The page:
2. Flumazenil: That is the most common drug used to treat benzo overdoses and reduce withdrawal symptoms. It can also be used for rapid detox, but only under medical supervision.

Seeking Help

Do not use the cold turkey detox approach when trying to overcome a benzo addiction. The severity of benzo withdrawal poses a great risk to a patient’s life, and the best course of action would be to seek the aid of a detox center. We see every man who lives in our facility as a unique person who is worthy of dignity. It’s this personal touch to addiction treatment that really makes our program shine. Begin your detoxification from benzodiazepines soon. You deserve to live a life of freedom from addiction! (855) 491-7694.

Enroll in a Detoxification Program for Benzodiazepines Abuse

Benzodiazepines are a type of sedatives usually prescribed for alleviating the symptoms of anxiety, panic disorders, muscle pain, and even alcohol withdrawal. Some of the most common benzos include Valium, Xanax, and Ativan. Although legal, the number of persons addicted to benzodiazepines has tripled from 1998 to 2008. The problem is that building a tolerance to the drug can be extremely easy, and it usually happens without the patient even realizing.

Benzodiazepines withdrawal can be a complicated and painful process. While everyone will experience it differently, one thing is certain: reaching out for help can vastly improve their lives and speed up the recovery process.

How Strong Will Withdrawal Be When I Quit Taking Benzodiazepines?

Benzodiazepines withdrawal can be an uncomfortable and dangerous process. A lot of different factors can interfere with rehabilitation, such as the length of the addiction, the dosage amount, pre-existing health problems, and co-occurring conditions.

Withdrawal can last anywhere from 24 hours to a few days or even a few months. Symptoms usually peak around week two, after which they begin to subside slowly. If left unmanaged, withdrawal can become difficult to control.

What Are the Symptoms of Withdrawal?

Benzodiazepines are typically prescribed to help reduce anxiety, prevent panic disorders or improve sleep. But when people become addicted to them, the withdrawal process can produce similar effects to what they were trying to treat in the first place. Here are the most common benzodiazepines withdrawal symptoms.

  • Irritability and Emotional Outbursts

The main role of benzodiazepines is to produce a calming effect and slow down the functions of the body. As a result, when someone stops using benzodiazepines they remove the chemicals that used to calm them down. Now, they have to deal with a series of emotions they cannot control, such as obsessive and irrational thoughts, hyperactive behavior or even rage or hysteria.

  • Concentration and Memory Problems

Like previously mentioned, benzodiazepines will slow down body functions, and that includes the production of transmitters with a stimulating effect as well. We are talking about transmitters that are crucial for everyday tasks and that are related to coordination, memory, or basic reaction times. Without these transmitters, people can feel like even the smallest tasks, such as speaking, writing, or walking are difficult to perform.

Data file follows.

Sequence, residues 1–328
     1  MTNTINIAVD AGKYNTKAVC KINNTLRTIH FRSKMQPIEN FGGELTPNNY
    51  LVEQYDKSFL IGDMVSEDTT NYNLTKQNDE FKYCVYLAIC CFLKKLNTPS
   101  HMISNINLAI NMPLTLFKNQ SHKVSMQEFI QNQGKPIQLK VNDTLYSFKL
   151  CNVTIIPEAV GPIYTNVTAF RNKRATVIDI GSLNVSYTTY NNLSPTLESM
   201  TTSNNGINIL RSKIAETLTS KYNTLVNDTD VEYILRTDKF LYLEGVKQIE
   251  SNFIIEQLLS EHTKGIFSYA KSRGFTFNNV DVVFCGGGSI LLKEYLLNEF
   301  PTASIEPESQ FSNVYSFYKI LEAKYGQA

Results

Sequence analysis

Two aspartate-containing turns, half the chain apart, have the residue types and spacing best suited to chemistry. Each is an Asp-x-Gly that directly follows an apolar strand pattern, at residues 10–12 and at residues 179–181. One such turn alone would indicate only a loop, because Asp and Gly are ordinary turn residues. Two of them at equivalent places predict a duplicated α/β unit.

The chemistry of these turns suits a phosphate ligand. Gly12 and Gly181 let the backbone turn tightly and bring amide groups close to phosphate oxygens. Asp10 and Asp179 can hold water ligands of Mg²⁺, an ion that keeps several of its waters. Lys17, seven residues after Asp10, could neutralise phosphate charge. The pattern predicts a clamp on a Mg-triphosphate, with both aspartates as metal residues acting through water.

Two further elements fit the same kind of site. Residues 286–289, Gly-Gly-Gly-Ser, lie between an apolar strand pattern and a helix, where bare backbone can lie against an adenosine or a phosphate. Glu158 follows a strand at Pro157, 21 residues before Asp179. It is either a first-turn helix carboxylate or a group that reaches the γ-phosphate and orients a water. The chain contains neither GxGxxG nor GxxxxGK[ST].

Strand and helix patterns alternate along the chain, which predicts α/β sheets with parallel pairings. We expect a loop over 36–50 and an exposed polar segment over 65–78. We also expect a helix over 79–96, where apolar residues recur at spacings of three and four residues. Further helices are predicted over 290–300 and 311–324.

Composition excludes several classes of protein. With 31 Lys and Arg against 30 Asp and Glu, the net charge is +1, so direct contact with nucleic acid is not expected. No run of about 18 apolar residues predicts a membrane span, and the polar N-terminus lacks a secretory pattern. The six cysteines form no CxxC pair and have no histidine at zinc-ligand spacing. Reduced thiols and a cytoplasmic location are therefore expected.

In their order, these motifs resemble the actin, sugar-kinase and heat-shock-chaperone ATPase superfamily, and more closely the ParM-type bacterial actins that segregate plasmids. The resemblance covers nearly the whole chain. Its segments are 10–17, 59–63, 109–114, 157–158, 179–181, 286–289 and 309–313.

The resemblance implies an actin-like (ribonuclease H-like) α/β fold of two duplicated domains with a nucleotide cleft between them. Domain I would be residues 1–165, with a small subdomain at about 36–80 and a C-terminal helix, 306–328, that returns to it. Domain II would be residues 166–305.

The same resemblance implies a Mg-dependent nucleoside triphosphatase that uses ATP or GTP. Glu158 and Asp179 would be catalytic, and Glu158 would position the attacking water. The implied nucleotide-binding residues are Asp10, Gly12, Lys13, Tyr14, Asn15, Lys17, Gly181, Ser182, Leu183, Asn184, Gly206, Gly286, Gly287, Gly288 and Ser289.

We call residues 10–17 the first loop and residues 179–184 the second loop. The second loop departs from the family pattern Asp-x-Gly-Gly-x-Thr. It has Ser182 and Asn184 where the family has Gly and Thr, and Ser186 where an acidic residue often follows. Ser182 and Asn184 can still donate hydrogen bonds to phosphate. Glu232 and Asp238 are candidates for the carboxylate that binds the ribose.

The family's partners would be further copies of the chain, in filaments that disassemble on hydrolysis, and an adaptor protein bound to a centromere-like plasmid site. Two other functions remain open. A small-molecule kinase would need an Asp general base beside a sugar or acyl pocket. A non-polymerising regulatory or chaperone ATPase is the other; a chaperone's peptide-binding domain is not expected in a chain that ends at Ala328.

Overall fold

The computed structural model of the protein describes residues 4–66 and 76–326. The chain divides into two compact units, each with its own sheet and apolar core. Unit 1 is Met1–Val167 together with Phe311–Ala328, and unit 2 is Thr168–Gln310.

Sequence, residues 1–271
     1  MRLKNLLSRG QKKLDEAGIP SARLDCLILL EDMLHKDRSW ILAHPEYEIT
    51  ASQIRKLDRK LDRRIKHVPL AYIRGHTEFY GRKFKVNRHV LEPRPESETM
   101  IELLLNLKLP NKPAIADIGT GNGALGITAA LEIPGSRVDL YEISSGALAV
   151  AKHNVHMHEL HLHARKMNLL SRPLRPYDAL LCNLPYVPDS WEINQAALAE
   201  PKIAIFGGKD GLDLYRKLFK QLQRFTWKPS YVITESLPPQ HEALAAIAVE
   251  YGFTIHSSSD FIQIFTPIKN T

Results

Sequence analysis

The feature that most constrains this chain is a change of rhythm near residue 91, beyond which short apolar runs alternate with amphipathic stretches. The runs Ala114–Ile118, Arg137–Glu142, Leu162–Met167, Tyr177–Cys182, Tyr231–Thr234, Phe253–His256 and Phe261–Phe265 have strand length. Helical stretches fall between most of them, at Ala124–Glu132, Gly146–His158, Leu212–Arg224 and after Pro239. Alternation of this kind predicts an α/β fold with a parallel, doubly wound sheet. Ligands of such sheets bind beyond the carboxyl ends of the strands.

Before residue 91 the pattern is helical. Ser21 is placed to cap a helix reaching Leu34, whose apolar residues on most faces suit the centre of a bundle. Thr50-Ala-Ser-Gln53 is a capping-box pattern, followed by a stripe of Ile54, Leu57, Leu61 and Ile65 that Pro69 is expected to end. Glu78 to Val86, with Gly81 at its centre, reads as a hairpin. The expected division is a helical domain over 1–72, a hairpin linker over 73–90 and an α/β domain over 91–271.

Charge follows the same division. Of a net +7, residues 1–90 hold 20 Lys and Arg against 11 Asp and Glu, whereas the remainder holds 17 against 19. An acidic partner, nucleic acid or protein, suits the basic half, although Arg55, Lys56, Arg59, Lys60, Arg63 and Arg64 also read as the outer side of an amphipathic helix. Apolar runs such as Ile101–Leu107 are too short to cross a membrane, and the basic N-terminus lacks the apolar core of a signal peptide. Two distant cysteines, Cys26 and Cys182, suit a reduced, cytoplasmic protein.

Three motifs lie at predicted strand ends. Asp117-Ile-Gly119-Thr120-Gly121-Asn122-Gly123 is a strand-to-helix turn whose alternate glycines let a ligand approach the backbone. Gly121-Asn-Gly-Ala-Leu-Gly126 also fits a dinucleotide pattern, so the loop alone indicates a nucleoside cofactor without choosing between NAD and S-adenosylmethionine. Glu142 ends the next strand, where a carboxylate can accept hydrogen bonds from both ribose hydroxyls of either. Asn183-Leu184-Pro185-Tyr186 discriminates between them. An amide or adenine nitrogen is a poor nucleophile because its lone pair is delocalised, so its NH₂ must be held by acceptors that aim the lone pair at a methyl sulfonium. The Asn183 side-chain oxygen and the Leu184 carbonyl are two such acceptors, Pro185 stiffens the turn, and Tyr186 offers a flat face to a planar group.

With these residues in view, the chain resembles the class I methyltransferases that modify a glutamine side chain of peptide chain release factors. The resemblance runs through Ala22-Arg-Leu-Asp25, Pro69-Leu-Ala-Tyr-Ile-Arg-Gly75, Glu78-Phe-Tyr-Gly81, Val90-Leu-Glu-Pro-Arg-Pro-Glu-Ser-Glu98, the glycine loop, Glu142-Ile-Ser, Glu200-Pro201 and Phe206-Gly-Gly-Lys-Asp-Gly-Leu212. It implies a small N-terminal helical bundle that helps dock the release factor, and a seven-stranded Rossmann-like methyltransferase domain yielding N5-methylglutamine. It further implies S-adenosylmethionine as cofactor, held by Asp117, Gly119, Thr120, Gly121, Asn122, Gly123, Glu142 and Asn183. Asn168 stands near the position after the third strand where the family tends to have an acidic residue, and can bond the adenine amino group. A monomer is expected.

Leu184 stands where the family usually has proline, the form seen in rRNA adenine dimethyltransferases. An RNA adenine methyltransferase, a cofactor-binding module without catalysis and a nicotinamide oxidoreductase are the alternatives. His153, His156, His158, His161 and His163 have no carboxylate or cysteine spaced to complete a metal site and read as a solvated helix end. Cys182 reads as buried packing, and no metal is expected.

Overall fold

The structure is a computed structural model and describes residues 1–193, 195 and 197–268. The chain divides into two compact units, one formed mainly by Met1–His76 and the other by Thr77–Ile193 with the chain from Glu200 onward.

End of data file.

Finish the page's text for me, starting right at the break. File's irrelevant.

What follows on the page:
• Body Pain

Aches, pains, soreness, and muscle stiffness are some of the most difficult symptoms to endure. The body physically suffers, and people commonly report intense pain in the neck area, shoulders, arms, or legs. Patients can also experience muscle spasms, twitching, and tremors.

  • Sleep Disturbances

Patients that take benzodiazepines usually report sleeping a lot more than usual. However, it’s been shown that most of the time, they are not able to enter the REM cycle, necessary for the brain to function correctly. When people give up benzodiazepines, they also reintroduce the REM cycle in their sleep pattern. As a result, they may wake up several times per night and experience more intense dreams and nightmares.

  • Anxiety and Panic Attacks

Anxiety and panic attacks are also quite common for those who interrupt benzodiazepines. If a patient took the drug to help with anxiety issues, abstinence would make them even more vulnerable than they were before. Some of the symptoms include shakiness, cold sweats, rapid heartbeat, shortness of breath, or paranoia.

What Withdrawal Symptoms Last the Longest or Show up Later?

Withdrawal symptoms can range in intensity and duration from person to person and depend on many factors. There have been cases when benzodiazepine users experience prolonged withdrawal that lasted several months or even more. These symptoms manifested themselves in the form of sleeping issues, chronic anxiety, and depression.

Can I Detox Faster from Benzodiazepines If I Go to a Detox Facility?

While there is no evidence that undergoing treatment in a detox facility will reduce treatment time, receiving care in a proper place can be the stepping stone towards an easier recovery. Seeking support is important especially in the early stages, and can help prevent a relapse.

What Detox Meds Are Available to Help Manage the Symptoms?

Most addiction treatments focus on behavioral therapy, group and individual counseling, and other types of therapies to help the patients manage their symptoms. However, for severe benzodiazepines withdrawal, some doctors can prescribe phenobarbital, anticonvulsants, sedating antidepressants, or antihypertensive medication. Patients can only take these meds under the strict supervision of professionals.

If you experience any withdrawal symptoms from benzodiazepines, the first and most important thing anyone should do is consult with a doctor about it or reach out to a recovery center to find out what the next steps should be. It’s best not to take any chances and make sure you are in good, professional hands.